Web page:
Life Extension Magazine March 2005
Millions of Americans suffer from lymphedema, a debilitating condition in which lymphatic fluid accumulates in the interstitial tissues. Lymphedema causes massive swelling, usually in the arms and legs. Left untreated, it can lead to hypertension and stroke.
Lymphedema sufferers are often sent home and told to apply bandages and compression garments to the extremities. Although this helps to squeeze fluids out and reduce the swelling, it is a temporary fix at best.
Fortunately, a holistic treatment pioneered by Peter Glasser, a North Carolina-based massage therapist, is proving successful with lymphedema patients from across the continent. The treatment involves the administration of supplements and herbs, most notably horse chestnut (Aesculus hippocastanum), in combination with a specific massage technique called manual lymph drainage.
An Accidental Discovery
In 1995, Glasser moved to Asheville, NC, where he opened a practice called the Ultimate Health Center (www.uhealth.net) with his wife, Diana Brady, a holistic nutritionist. A New Jersey native, Glasser learned about lymphedema while studying massage, and became intrigued by the lack of information about the condition.
“I saw a news broadcast one evening on lymphedema and they mentioned massage as part of the treatment program. It’s called manual lymph drainage and it piqued my interest,” Glasser recalls. “I called and asked what lymphedema was and what they knew about it. I went for an interview and then for two weeks of training to be certified in the treatment of lymphedema.”
Glasser, a licensed massage therapist, has established himself as something of an authority on lymphedema, which has a variety of origins. It can be caused by a genetic condition, though some people develop secondary lymphedema because of surgery, radiation treatment, or injury. In many cases, it is directly related to cancer surgery.
“A lot of women get it when they have breast cancer and their lymph nodes are removed,” Glasser explains. “With radiation treatment, there’s more stress on your lymphatic system. You see it with hysterectomies, which can cause lymphedema in the legs. In men, prostate surgery can cause it in the legs. These are the main causes of secondary lymphedema.”
While treatment centers have sprung up around the country in recent years, Glasser believes his is the only facility that specializes in the holistic treatment of lymphedema. He criticizes the mainstream medical establishment for failing, through either ignorance or complacency, to warn patients that surgery might cause the condition.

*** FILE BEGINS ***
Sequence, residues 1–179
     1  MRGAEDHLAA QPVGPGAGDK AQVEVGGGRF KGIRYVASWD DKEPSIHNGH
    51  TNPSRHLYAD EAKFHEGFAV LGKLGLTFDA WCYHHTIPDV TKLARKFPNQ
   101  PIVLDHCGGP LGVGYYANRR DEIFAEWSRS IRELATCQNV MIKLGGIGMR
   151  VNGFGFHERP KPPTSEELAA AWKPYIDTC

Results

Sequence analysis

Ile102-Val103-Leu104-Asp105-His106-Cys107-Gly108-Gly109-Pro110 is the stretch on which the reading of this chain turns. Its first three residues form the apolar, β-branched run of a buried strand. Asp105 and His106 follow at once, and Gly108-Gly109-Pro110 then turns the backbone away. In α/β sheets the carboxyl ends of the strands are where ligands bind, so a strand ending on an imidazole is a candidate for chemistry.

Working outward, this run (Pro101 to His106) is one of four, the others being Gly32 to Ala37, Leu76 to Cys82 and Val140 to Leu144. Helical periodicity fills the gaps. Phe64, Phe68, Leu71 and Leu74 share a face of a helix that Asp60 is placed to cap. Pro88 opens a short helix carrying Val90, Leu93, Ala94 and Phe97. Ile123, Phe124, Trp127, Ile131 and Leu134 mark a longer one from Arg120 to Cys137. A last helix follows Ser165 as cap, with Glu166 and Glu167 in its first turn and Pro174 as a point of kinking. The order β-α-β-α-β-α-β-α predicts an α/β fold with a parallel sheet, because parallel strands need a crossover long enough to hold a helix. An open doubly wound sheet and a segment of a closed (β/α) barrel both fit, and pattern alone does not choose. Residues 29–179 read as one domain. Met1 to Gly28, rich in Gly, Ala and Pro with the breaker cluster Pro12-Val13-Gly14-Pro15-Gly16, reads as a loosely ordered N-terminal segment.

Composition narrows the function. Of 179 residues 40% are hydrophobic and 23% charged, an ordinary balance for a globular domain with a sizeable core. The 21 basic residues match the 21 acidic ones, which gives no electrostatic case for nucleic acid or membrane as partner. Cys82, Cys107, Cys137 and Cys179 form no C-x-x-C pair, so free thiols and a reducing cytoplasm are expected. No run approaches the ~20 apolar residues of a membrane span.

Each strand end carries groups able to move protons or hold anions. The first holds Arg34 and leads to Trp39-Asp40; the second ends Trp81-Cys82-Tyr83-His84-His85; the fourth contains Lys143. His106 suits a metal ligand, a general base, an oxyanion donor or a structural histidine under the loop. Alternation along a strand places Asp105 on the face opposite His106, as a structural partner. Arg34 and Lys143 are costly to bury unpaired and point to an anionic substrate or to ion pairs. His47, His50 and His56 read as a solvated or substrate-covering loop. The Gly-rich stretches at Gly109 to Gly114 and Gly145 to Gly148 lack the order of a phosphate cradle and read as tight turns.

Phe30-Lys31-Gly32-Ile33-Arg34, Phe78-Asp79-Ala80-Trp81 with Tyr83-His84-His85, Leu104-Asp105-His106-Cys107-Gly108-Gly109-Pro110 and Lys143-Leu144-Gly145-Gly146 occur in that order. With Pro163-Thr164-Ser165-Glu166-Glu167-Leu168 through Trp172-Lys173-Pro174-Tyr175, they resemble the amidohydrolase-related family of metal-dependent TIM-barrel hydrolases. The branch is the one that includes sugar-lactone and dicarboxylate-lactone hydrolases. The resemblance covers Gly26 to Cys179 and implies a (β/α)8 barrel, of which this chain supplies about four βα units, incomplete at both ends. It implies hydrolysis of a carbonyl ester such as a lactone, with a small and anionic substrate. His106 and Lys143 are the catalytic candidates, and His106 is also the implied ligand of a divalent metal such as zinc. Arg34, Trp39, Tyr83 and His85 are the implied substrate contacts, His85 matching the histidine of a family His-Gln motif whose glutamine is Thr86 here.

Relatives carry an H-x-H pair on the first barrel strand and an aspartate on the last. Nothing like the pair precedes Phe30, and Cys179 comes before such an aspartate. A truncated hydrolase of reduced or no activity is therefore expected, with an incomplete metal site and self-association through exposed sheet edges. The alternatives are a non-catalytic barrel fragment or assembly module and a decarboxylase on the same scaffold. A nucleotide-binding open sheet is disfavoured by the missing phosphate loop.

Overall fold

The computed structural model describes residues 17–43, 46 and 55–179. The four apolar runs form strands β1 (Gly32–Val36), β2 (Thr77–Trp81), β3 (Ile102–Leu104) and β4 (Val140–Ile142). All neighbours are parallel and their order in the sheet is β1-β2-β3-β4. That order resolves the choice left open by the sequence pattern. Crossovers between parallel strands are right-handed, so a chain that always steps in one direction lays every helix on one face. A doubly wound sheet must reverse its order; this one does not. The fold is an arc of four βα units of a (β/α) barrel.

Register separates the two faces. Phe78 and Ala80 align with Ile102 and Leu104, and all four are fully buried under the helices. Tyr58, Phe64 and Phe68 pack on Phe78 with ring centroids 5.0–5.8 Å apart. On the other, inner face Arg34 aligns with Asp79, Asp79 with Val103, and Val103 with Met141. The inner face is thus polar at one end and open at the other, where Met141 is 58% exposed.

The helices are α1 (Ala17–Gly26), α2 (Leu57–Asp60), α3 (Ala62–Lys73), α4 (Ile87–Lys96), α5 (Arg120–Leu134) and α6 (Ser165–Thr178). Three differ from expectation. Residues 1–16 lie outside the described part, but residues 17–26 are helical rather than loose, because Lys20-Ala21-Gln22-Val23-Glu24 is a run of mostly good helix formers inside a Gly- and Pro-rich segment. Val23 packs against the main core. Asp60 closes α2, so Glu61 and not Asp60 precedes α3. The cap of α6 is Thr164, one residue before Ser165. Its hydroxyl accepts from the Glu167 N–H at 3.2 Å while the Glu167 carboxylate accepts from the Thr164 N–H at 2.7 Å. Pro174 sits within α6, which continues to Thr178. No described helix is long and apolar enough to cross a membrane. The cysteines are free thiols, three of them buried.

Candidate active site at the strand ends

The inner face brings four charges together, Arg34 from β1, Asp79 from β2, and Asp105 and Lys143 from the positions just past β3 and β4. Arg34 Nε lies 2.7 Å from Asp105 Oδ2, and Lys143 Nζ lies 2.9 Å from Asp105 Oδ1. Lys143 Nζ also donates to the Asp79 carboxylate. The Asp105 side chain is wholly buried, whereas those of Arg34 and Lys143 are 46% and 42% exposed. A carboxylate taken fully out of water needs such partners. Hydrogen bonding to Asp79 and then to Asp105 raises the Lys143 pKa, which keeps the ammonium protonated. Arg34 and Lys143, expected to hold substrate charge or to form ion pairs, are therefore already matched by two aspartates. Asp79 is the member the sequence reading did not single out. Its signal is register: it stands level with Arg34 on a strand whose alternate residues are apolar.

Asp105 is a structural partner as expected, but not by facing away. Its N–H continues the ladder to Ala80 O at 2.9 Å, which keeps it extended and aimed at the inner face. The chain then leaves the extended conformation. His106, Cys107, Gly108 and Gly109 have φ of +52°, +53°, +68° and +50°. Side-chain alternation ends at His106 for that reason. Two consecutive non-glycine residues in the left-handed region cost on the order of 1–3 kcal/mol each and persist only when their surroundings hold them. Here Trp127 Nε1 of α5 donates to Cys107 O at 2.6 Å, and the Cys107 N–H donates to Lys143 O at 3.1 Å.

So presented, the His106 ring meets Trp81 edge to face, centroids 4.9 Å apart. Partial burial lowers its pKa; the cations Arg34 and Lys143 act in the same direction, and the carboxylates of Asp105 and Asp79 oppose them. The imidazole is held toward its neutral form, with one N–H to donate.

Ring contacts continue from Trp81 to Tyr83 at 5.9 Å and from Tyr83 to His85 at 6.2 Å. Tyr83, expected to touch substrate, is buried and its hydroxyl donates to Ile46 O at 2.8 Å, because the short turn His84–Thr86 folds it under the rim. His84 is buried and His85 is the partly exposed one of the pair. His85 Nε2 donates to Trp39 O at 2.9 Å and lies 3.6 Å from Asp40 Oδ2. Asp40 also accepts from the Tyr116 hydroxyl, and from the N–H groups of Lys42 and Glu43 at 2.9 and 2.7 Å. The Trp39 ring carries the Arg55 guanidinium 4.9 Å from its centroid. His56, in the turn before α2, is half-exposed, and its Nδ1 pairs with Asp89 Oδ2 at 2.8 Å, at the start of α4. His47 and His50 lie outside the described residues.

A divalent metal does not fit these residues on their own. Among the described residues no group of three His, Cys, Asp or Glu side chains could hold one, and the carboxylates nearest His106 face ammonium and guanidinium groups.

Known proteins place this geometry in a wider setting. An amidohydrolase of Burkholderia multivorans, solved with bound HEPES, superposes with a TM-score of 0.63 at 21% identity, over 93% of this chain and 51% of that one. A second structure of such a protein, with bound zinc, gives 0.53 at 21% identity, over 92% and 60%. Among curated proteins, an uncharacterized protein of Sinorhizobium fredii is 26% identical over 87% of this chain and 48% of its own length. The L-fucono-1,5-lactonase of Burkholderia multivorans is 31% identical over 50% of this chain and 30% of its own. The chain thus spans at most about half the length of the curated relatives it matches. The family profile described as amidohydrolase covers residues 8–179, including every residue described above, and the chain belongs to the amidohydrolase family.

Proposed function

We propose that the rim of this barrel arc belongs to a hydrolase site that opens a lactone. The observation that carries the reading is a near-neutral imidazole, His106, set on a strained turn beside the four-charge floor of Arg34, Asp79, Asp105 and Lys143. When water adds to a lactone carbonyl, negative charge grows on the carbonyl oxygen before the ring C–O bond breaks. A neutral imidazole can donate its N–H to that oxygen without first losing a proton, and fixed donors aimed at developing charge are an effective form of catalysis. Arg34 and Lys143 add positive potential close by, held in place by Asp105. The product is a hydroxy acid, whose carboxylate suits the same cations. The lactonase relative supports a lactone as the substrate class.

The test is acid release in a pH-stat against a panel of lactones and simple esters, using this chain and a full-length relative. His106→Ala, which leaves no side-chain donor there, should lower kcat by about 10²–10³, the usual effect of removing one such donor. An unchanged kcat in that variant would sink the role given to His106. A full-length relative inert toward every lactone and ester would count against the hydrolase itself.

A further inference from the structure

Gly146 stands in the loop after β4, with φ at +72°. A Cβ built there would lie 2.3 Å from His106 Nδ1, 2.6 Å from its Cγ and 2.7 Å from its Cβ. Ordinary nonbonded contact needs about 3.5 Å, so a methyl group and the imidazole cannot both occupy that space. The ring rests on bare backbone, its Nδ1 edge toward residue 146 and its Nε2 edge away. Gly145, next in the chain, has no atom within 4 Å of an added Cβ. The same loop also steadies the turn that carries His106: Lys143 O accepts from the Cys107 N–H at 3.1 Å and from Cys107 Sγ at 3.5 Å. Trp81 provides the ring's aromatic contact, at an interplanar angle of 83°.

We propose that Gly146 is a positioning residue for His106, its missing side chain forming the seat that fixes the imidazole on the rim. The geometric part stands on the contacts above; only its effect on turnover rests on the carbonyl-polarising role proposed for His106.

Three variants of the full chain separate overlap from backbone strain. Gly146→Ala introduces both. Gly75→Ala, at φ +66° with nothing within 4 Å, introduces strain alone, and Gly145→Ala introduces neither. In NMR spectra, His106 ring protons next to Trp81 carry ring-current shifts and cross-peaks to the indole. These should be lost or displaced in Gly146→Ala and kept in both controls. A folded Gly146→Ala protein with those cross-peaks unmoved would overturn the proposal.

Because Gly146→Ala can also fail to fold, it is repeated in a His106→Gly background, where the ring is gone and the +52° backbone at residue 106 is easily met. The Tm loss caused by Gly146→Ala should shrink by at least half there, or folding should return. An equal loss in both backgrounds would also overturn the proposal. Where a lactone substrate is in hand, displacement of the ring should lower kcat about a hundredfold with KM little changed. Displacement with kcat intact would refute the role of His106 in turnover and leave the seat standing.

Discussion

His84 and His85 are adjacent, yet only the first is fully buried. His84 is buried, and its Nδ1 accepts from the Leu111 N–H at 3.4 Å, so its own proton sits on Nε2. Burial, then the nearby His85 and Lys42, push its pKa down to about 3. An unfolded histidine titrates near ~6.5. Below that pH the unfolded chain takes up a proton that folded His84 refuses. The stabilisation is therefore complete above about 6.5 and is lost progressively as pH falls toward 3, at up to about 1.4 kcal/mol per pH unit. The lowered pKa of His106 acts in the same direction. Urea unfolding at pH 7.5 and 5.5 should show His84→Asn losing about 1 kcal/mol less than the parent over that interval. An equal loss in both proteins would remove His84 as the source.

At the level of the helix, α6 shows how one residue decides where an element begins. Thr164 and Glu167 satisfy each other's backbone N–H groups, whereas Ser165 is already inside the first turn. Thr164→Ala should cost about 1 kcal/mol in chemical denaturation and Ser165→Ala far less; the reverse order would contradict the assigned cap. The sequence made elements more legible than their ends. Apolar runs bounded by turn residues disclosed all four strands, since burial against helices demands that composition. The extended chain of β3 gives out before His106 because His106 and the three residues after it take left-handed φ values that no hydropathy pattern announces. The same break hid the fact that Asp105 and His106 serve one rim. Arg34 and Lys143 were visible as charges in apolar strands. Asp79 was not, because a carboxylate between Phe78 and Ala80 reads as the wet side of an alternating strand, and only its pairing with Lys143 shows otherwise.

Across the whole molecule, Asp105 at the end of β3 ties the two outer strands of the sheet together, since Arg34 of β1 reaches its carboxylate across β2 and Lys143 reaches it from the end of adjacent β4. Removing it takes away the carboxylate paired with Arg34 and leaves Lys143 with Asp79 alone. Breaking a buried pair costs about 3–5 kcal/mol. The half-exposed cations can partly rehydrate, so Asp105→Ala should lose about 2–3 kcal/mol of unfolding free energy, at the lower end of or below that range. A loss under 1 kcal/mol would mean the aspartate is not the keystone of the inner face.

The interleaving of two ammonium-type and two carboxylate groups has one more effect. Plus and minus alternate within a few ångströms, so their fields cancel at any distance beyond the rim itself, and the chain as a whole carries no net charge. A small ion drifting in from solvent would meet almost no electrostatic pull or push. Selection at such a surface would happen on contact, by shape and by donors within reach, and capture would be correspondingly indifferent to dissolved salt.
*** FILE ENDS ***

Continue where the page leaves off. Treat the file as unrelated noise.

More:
“It’s a case of the lesser of two evils.” Glasser says. “Many patients complain that their doctors never tell them there is a possibility they will develop lymphedema. When they come back and complain to their doctors, they’re told, ‘you’re still alive, aren’t you?’
“The doctors should be up front and tell patients that there is that possibility, but a lot of doctors don’t know much about lymphedema. There is very little training on the lymphatic system in medical school, so a lot of doctors don’t know what to do for the swelling. People will go out and get a pump or get compression garments, and they’re told to wait and it will get better.”
As Glasser’s hands-on experience in treating lymphedema has grown, so has his practice. In addition to his wife, the Ultimate Health Center now employs several other massage therapists, a physiotherapist, a physician’s assistant, and a medical doctor who doubles as the center’s medical director.
“I was always interested in finding a better way for patients,” Glasser recalls. “I would hear a lot of complaints from patients on the amount of bandaging they had to do every night on their arms and legs. They didn’t want to do it for the rest of their lives.
“I started reading more about herbs and came across an article in The Lancet about horse chestnut being used in Germany and Austria for varicose veins and hemorrhoids. I thought that if it could improve blood vessels, then it could help lymphatic vessels. So I started experimenting with horse chestnut extract, which was then still hard to find in this country. Soon I found that my patients’ conditions were improving.”
Life Extension products figure prominently in Glasser’s practice. He recommends that his patients take two capsules of Venotone (horse chestnut) with a quarter teaspoon of Life Extension’s Rutin Powder twice a day. This strengthens their lymphatic vessels and helps reduce the edema.